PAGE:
• Relationships / StructureEntity“address company sanfrancisco”Semsolute‟s Building Blocks – Graph Exploration Top-k graph exploration Shortest-path based algorithmthat finds top-k graphsconnecting keyword matchingelements Top-k graph ranking Language model based Aggregated model thatcombines the LMs of entitiesmatching the keywords
  • Semsolute‟s Building Blocks – Query Generation &ProcessingTripleRelationships / StructureEntityAddress of companies located in SanFrancisco?“address company sanfrancisco” Graph to query mapping Translation rules that map topranked graphs to structuredqueries (SQL, SPARQL) Translation rules that mapstructured queries to naturallanguage questions Graph matching Triple index: cover indexsupporting different triplepatterns Various join implementations
  • Yahoo! Spark: Entity Recommendation inSearch Different use cases in Web Search Some users are short on time Need direct answers Query expansion, question-answering, information boxes, richresults… Other users want to explore Long term interests such as sports, celebrities, movies and music Long running tasks such as travel planning Spark is a search assistance tool for exploration Recommend related entities given the user‟s currentquery Based on explicit relations in a Knowledge Base
  • Example user sessions
  • Spark example I.
  • Spark example II.
  • High-Level Architecture ViewEntitygraphDatapreprocessingFeatureextractionModellearningFeaturesourcesEditorialjudgementsDatapackRankingmodelRanking anddisambiguationEntitydataFeatures
  • Spark challenges Interpretation and disambiguation Obama and Toyota are places in Japan, but maybethe user is not looking for them The popularity of “obama” is not a sign of thepopularity of a Japanese town Ranking “Release me” from Engelbert Humperdinck shouldrank higher than “Lesbian Seagull” which onlyappeared on the soundtrack of a Beavis andButthead episode Editorial relevance vs. what people click Large-scale data processing and ML Knowledge Base built from Wikipedia, Yahoo!data, Web extraction Feature extraction from query logs, Flickr and TwitterdataEntitygraphDatapreprocessingFeatureextractionModellearningFeaturesourcesEditorialjudgementsDatapackRankingmodelRanking anddisambiguationEntitydataFeatures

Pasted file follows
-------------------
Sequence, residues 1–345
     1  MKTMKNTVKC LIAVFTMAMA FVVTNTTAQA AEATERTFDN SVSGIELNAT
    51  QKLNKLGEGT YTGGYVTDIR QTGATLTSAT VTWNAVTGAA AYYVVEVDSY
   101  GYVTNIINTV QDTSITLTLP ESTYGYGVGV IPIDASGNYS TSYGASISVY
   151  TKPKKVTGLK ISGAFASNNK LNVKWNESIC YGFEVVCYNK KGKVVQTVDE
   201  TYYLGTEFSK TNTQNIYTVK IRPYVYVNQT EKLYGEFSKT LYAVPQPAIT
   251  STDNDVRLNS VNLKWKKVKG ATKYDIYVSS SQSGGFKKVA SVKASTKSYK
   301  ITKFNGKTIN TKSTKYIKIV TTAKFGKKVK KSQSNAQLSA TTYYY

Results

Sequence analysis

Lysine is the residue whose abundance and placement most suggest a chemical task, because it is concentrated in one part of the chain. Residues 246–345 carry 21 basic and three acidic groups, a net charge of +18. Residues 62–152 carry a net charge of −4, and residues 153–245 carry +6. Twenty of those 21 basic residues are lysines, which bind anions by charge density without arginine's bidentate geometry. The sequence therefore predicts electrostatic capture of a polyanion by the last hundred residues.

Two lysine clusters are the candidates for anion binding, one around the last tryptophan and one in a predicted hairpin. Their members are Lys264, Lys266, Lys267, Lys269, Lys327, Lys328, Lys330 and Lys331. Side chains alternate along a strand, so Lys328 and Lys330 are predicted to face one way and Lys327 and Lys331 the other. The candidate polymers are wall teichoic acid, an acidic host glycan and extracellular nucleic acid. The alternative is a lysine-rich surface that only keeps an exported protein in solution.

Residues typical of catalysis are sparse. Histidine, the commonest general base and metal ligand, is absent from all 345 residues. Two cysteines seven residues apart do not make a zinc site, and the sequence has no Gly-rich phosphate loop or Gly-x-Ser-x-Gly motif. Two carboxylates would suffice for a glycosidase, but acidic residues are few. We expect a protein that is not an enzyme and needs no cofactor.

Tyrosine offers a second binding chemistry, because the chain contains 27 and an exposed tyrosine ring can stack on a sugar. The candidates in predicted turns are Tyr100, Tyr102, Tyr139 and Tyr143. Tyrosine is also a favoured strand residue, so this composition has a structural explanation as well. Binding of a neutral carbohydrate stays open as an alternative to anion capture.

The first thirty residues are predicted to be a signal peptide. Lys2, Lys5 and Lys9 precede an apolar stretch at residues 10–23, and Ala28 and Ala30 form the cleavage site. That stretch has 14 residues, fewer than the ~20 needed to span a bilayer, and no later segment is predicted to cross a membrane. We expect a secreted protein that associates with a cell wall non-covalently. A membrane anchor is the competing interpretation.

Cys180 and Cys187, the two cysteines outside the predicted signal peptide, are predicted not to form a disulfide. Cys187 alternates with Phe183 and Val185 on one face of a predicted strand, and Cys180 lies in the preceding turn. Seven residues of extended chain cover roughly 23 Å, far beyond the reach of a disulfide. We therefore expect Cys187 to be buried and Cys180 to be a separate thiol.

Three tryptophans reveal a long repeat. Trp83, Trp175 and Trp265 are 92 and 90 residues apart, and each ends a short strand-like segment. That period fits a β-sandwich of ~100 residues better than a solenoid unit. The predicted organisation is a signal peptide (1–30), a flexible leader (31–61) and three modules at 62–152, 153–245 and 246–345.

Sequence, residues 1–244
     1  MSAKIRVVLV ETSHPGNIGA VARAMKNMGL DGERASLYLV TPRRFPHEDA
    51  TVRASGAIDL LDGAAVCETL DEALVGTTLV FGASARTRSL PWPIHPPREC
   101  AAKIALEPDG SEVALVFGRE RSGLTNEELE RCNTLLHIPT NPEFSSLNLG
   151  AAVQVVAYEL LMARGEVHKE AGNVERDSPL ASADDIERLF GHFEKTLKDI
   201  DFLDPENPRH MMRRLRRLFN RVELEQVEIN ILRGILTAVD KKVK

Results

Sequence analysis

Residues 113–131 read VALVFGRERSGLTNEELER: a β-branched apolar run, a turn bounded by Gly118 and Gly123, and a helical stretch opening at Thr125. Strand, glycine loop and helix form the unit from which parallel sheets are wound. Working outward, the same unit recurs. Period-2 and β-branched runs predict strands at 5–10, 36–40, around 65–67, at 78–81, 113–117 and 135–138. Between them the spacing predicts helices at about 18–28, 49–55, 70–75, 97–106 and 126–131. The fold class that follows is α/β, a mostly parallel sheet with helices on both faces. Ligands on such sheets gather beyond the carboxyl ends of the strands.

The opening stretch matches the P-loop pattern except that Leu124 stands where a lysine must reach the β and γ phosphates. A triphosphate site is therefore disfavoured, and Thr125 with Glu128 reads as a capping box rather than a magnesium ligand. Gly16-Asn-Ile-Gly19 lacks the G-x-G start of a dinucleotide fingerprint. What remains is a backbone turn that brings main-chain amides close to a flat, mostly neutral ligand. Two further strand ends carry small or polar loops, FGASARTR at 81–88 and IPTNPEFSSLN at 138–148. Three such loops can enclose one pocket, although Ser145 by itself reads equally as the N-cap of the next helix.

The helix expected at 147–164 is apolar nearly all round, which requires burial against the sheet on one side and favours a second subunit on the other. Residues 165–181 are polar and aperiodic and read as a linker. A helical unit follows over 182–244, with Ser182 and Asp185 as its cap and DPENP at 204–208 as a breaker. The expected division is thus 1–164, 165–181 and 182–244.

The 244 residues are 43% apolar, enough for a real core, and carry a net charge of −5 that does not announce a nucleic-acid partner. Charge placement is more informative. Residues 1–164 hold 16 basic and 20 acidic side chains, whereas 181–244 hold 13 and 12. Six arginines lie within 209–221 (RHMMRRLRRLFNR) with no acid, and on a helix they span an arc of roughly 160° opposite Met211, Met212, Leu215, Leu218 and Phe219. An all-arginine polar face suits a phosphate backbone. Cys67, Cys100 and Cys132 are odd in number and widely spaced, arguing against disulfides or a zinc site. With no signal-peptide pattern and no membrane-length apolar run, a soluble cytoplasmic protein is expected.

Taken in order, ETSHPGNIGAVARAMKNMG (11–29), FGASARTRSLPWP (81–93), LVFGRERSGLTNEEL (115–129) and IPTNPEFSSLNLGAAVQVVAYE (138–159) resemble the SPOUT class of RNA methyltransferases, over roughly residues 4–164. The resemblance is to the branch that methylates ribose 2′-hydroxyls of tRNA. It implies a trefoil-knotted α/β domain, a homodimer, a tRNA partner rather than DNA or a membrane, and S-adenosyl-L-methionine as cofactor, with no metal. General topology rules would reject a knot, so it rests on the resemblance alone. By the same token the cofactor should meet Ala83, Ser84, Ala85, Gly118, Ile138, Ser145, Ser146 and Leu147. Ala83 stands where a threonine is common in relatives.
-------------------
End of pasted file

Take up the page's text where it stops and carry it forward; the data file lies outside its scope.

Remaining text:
• Contact Peter Mika pmika@yahoo-inc.com @pmika Tran Duc Thanh thanh.tran@semsolute.com
  • Resources
  • Resources Detailed information Peter Mika. Entity Search on the Web, Keynote at Web ofLinked Entities WS Peter Mika, Thanh Tran. Semantic search tutorialSemTech2012 Books Ricardo Baeza-Yates and Berthier Ribeiro-Neto. ModernInformation Retrieval. ACM Press. 2011 Survey papers Thanh Tran, Peter Mika. Survey of Semantic SearchApproaches. Under submission, 2012. Conferences and workshops ISWC, ESWC, WWW, SIGIR, CIKM, SemTech Semantic Search workshop series Exploiting Semantic Annotations in Information Retrieval(ESAIR) Entity-oriented Search (EOS) workshop Web of Linked Entities (WoLE) workshop